The cool spring and early summer and adequate rain have been a benefit to native grassland habitats in our area. Often these prairie plantings seem to be at peak bloom in early August, but at least at Two Rivers they are flowering abundantly right now.
At Woodland Dunes there are a couple of native grassland plantings. The first is the Steffen Prairie, a couple of acres of open land near Todd’s Pond on Willow Trail near our headquarters. Originally planted by naturalists Jim Steffen and Bernie Brouchoud in the 1980’s and expanded about 10 years ago, this area is a maturing planting with a modest diversity of prairie plants. Although at first glance native grasslands would appear to be little more than grassy fields (and indeed grasses are an important plant component), prairies are also populated by many species of forbs or flowering plants which add so much to the beauty and function of these ecosystems.
Around Todd’s pond, the important grasses are big and little bluestem, indiangrass, and switchgrass, along with some non-native grasses such as bluegrass, smooth brome, and reed-canary grass (an invasive which we try to control). Many of these grasses are bunch-forming and grow in uneven clumps, giving the prairie a somewhat bumpy appearance. Intermixed are a number of forbs- dotted mint and spiderwort in the early summer, coneflowers, sunflowers, blazing stars, bergamot, and goldenrods in the late summer and fall. The grasses provide food for a number of species of mammals and even butterfly caterpillars, while the forbs feed many species of pollinating insects- butterflies, moths, bees and wasps, and beetles, upon which plants depend for their reproduction. Large colonies of field ants also dot the prairie, insect civilizations that can persist for decades. Birds such as goldfinches and kingbirds also visit these small prairie patches, along with many mammals including white-footed and meadow jumping mice, voles, moles, ground squirrels, woodchucks, and foxes. Ducks, kingfishers, and sandpipers visit the pond and some nest in the nearby meadow. Even a small habitat patch can provided homes for many species and give rise to a vibrant ecosystem.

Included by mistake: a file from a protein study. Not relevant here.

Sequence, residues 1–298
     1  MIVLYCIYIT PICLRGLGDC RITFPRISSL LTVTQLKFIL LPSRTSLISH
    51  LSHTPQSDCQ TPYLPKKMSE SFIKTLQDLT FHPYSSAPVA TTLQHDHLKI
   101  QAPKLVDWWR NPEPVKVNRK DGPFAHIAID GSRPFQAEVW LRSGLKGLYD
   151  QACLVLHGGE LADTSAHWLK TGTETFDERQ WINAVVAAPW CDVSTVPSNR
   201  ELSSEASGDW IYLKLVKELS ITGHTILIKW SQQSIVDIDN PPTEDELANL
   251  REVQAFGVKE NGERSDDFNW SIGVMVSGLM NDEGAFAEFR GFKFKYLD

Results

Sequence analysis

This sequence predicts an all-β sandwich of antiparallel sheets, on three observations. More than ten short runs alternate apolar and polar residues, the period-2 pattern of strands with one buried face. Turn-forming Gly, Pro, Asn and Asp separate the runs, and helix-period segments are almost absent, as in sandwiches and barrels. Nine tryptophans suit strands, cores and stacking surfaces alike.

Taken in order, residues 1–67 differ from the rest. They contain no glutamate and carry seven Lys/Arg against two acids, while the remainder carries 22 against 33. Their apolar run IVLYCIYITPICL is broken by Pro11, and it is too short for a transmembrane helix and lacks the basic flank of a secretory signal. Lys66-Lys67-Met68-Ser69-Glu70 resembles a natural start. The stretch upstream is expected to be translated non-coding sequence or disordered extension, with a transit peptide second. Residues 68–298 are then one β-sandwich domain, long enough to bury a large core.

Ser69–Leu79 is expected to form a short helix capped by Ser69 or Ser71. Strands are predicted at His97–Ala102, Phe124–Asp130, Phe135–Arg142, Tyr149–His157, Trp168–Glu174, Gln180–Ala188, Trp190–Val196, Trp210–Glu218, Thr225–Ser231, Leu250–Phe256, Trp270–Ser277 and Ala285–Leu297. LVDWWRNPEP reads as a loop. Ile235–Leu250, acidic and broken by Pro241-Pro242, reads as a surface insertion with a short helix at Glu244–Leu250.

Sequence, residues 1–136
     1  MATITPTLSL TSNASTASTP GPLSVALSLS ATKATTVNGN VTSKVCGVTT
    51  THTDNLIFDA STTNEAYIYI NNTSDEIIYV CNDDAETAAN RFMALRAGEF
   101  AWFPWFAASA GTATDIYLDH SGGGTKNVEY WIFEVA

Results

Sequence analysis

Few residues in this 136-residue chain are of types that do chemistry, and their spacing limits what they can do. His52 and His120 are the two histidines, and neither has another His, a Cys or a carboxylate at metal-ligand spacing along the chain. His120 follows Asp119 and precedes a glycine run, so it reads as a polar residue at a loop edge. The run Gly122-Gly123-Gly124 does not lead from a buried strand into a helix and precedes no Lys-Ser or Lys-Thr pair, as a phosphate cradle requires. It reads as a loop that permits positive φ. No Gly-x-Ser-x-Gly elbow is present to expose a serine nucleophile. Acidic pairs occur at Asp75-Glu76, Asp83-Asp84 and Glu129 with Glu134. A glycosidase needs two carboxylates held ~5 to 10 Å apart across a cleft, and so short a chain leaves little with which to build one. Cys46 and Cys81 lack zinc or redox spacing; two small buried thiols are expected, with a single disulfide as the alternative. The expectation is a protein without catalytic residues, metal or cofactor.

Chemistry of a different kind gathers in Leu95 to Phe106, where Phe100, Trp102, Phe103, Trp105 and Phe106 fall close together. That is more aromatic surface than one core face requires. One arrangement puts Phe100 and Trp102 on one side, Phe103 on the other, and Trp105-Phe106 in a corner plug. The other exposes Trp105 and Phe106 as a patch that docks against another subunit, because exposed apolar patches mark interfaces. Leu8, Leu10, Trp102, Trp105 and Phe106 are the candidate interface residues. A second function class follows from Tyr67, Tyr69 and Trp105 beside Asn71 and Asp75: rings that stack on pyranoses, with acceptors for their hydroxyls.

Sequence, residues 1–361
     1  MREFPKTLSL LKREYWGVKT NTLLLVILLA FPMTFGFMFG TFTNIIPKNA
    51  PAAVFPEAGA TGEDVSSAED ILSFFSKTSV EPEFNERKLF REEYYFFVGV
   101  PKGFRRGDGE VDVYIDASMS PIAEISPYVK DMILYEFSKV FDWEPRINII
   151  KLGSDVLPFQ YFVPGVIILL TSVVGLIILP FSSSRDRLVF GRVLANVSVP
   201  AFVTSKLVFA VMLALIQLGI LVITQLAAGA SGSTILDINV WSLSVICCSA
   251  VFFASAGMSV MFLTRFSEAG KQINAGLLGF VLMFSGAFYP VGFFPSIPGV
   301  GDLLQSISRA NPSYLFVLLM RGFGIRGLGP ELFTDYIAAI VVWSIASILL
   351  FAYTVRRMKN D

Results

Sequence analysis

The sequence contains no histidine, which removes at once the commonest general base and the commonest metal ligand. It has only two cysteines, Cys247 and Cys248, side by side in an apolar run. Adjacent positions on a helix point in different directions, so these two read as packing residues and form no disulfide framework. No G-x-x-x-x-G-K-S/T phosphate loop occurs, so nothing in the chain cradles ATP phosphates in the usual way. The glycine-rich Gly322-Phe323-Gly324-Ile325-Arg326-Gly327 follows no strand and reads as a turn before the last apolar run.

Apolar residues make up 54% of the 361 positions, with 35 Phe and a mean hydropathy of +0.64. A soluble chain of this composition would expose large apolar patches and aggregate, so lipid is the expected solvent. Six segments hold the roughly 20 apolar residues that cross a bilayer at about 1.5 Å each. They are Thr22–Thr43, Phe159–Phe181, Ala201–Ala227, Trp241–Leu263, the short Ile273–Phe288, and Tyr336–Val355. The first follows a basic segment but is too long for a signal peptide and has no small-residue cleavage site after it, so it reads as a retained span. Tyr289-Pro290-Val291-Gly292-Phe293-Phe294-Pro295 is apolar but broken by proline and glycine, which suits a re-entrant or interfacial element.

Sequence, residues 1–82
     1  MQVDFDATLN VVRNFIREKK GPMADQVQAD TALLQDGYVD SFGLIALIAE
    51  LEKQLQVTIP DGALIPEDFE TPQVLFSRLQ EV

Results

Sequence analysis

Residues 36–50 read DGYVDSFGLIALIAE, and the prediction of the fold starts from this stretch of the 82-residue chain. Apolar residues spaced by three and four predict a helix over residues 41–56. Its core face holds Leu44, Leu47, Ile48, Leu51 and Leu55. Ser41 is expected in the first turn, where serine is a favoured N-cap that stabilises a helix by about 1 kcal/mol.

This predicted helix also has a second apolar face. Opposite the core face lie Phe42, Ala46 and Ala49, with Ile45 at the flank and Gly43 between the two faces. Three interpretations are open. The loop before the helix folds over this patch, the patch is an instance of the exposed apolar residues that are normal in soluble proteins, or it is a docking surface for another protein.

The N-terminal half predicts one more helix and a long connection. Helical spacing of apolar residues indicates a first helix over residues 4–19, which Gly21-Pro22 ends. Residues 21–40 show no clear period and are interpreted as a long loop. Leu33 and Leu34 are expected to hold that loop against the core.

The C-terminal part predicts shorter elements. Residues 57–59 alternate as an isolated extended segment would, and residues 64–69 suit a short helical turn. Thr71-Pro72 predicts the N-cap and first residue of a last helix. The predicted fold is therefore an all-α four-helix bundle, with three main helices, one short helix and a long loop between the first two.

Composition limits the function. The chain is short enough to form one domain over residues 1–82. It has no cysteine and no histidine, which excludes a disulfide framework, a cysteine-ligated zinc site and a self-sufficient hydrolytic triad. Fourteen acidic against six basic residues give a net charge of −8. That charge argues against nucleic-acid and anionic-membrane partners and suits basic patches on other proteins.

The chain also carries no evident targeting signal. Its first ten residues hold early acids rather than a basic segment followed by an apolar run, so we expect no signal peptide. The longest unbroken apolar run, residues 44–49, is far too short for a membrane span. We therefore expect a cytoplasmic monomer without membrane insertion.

Along Woodland Drive and Goodwin Road is a much larger grassland established in the last 10 years or so. Totaling 94 acres, it is a significant prairie for our area, and was established with the help of multiple partners including the Natural Resource Conservation Service, US Fish and Wildlife Service, Pheasants Forever, and Woodland Dunes. This prairie has many of the species found near Todd’s Pond, and one will notice cup-plants, compass plants, purple coneflower in addition. Large prairie spaces are required for many grassland birds such as harriers, grasshopper and savannah sparrows, Henslow’s sparrow, sandhill cranes, bobolinks, and eastern meadowlarks. And larger mammals such as coyotes. Restoration of wetlands on such sites helps many species of waterfowl and sandpipers. Access to this grassland is available by Coneflower Trail off Goodwin Road just east of Woodland Drive. Part of this prairie was burned in spring, which helps control shrubs, makes nutrients more available to plants, and removes built-up thatch that inhibits young plants growth. As a result, the burned area is looking especially good right now.
As you walk the trails though these grasslands you feel the breeze, see the many blooms, and hear an abundance of insects from the buzzing of bees (which are seldom aggressive) on the flowers to the multitude of crickets and grasshoppers hidden in the leaves. You will feel an appreciation for the abundance of life in these places and know that with just a little help from people, both we and wildlife can thrive.